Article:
When discussing the ancient Mesoamerican civilization that thrived in present-day Mexico, Guatemala, Belize, Honduras, and El Salvador, people often use the terms "Maya" and "Mayan" interchangeably.
However, there is a subtle difference between these two terms, which is essential to understand to fully appreciate this incredible civilization.
The term "Maya" is a broad reference to the people, their culture, and the civilization as a whole.
The civilization is well-known for its remarkable advancements in various fields like urban planning, agriculture, mathematics, and astronomy. Iconic Maya cities like Tikal, Palenque, and Chichen Itza boast stunning pyramids, temples, and palaces.
In contrast, "Mayan" refers specifically to the languages spoken by the Maya people. The Mayan language family consists of around 30 related languages, with some still spoken by approximately six million descendants of the ancient Maya. These languages have evolved over time and include dialects like Yucatec, K'iche', and Q'eqchi'.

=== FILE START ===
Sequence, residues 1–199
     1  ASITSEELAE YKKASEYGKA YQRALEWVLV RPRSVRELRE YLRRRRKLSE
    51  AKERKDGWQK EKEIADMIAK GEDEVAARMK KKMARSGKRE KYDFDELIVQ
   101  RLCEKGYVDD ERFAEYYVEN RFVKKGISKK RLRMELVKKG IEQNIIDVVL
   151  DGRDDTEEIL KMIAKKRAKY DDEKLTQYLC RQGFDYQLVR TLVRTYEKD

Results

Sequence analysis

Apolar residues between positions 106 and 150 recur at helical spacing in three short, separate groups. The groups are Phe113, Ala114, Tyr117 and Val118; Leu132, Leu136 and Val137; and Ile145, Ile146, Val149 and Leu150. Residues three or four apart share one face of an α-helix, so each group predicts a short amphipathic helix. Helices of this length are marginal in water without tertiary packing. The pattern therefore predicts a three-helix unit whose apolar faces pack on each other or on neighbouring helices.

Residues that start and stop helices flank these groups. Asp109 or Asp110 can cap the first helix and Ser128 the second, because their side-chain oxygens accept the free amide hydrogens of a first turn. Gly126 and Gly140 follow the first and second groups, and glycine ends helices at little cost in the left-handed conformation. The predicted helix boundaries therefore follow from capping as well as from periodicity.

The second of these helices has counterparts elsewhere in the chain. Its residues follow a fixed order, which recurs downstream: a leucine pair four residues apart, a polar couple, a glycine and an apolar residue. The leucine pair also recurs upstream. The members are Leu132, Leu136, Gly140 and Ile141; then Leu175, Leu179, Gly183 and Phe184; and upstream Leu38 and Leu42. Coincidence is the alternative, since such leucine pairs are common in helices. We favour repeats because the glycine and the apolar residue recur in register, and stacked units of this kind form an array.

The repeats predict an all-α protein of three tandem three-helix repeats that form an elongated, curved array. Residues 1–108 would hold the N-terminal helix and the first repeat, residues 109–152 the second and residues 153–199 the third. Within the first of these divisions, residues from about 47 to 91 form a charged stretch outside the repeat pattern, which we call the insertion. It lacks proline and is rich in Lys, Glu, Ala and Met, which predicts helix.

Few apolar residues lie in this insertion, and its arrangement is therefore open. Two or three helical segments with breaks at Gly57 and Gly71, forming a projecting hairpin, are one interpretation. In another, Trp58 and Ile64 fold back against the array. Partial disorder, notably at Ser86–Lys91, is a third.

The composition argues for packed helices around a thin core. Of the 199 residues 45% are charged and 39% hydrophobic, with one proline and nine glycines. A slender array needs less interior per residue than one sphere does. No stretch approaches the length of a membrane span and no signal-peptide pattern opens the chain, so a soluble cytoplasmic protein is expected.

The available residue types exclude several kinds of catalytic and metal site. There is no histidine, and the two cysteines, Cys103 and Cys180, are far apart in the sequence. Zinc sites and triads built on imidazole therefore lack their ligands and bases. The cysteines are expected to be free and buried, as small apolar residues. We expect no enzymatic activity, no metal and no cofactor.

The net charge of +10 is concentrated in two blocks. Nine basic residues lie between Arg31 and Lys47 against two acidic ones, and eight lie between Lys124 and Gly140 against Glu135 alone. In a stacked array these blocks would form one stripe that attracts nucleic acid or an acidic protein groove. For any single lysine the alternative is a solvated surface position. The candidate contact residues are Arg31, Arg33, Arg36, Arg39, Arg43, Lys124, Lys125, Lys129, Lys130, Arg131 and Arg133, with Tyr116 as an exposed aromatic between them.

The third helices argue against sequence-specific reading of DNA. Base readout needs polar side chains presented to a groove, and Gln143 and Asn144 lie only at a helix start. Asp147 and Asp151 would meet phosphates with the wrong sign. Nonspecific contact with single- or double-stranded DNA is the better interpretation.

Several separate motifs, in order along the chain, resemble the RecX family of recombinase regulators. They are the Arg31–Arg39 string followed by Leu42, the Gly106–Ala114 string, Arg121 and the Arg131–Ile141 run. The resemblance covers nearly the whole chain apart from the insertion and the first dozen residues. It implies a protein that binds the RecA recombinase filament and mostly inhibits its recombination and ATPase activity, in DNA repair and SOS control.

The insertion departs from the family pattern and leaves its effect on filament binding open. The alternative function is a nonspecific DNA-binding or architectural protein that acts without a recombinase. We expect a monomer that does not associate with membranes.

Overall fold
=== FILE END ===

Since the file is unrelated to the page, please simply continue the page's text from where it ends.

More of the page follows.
The ancient Maya script, used to record their history, religious rituals, and astronomical observations, is based on these Mayan languages. Deciphering the script has been a challenging task for scholars, but recent decades have seen significant progress, revealing more about the rich history and culture of the Maya civilization.
In a nutshell, you should use "Maya" when referring to the people, their culture, and the entire civilization, whereas "Mayan" is the correct term when discussing the languages spoken by the ancient Maya or their modern descendants. By using these terms accurately, we can better acknowledge the fascinating history, culture, and accomplishments of the ancient Maya civilization and its enduring impact on the world today.